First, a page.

“At night, in Rome, it seems you can hear lions roaring. There is an indistinct murmur, and that is the city breathing, amidst its dark domes and the distant hills, in shadow that glistens here and there; and every so often, the raucous noise of sirens, as if the sea were nearby, and ships were setting sail from the harbor for unknown horizons. And then there is that sound, both lovely and savage, cruel but not devoid of an odd sweetness, the roaring of lions, in the nocturnal desert of houses”. This is one of the most poetic passages of Carlo Levi’s second novel, L’Orologio, published in 1950. Whereas Cristo si è fermato ad Eboli accounted for a world out of time and history, L’Orologio tells a world in which all times and all histories are contemporary. Levi recounts the end of Ferruccio Parri’s Resistance Government, the beginning of the crisis of the liberal and shareholder parties, the coming to power of Alcide De Gasperi and the Christian Democrats, and, above all, Rome and Italy at that time. The book appears as a container in which the atmospheres, feelings, and enthusiasm of the immediate post-war period are mixed with the contradictory and immobility of a political class that doesn’t manage to go beyond an abstract vision of the problems.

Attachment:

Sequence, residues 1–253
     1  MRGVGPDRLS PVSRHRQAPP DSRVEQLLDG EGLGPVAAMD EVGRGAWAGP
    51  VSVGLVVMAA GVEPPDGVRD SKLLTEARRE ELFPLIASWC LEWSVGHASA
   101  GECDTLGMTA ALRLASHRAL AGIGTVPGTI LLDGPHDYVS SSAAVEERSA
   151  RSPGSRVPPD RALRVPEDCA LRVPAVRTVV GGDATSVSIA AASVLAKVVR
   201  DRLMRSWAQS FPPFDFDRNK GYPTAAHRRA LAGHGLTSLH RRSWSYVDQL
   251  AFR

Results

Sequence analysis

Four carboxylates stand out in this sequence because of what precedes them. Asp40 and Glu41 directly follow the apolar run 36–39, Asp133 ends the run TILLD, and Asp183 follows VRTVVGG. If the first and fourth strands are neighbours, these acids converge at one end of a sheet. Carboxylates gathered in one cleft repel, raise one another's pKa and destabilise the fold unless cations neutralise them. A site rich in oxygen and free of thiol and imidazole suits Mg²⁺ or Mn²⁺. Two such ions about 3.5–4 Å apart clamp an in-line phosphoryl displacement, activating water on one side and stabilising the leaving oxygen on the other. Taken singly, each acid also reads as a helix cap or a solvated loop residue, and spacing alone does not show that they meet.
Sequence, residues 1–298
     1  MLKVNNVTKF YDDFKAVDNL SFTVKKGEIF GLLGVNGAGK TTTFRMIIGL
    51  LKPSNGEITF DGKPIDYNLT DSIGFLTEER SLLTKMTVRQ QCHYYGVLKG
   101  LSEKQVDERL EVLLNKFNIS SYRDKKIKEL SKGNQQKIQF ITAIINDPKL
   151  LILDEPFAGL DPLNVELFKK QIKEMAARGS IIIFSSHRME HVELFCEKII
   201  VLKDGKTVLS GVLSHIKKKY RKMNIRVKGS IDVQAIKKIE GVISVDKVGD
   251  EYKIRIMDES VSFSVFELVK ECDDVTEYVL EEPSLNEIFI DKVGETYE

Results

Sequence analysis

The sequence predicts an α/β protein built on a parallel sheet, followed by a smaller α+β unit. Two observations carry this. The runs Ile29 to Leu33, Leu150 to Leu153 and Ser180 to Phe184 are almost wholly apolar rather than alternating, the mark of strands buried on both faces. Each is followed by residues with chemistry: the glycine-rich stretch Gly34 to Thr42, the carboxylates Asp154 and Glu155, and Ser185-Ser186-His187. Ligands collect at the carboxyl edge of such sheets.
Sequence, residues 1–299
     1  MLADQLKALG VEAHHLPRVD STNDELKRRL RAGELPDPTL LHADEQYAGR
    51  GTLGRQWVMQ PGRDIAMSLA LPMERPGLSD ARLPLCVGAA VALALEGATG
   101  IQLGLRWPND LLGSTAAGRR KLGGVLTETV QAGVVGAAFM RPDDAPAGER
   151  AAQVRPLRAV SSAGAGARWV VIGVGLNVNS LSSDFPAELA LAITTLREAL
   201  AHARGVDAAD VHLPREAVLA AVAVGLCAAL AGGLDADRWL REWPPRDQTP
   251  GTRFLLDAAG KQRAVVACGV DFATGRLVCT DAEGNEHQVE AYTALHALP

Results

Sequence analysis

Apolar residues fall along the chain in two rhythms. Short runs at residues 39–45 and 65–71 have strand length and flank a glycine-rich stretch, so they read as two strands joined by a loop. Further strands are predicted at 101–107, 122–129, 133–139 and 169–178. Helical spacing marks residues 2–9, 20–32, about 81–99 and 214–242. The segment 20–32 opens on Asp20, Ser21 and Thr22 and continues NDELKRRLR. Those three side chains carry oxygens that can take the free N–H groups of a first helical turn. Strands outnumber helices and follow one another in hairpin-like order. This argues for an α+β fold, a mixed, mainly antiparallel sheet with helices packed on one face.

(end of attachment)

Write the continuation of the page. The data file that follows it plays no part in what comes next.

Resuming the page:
It is the diary of three trips made by the author in the lands of Sicily between 1952 and 1955. With this book, a new literary vein opens up in Levi’s production (even if he had already demonstrated it in his articles published in La Stampa and L’Illustrazione italiana), that of reportage.
Le parole sono pietre, published in 1955, is a harsh account of the backwardness of Sicilian farmers “the spectacle of the most extreme peasant misery”, of a land where it becomes difficult to apply those laws that the Italian state has approved for the redistribution of land, to improve working conditions, to enforce rights that should apply to everyone, but in those lands must submit to the privileges of the powerful. The book is dense with facts that the writer transfigures by placing them in the symbol of human consciousness, where “…tears are no longer tears but words, and words are stones”: stones are the words of Francesca Serio, the mother of Salvatore Carnevale, the rebel peasant murdered by the mafia for having found, in Sciara in 1951, the section of the Partito Socialista and the Camera del lavoro; stones are those, thrown by a Sicilian mother, in the courtroom of the Tribunale di Palermo, who tells and challenges Cosa Nostra, the law of the fief and the complicity of the institutional power.
Second travel book by Carlo Levi, published in 1956. This time it is the journalistic account of the trip made between 17 October and 19 November 1955 in the Soviet capital, Leningrad, Kiev, Armenia and Georgia.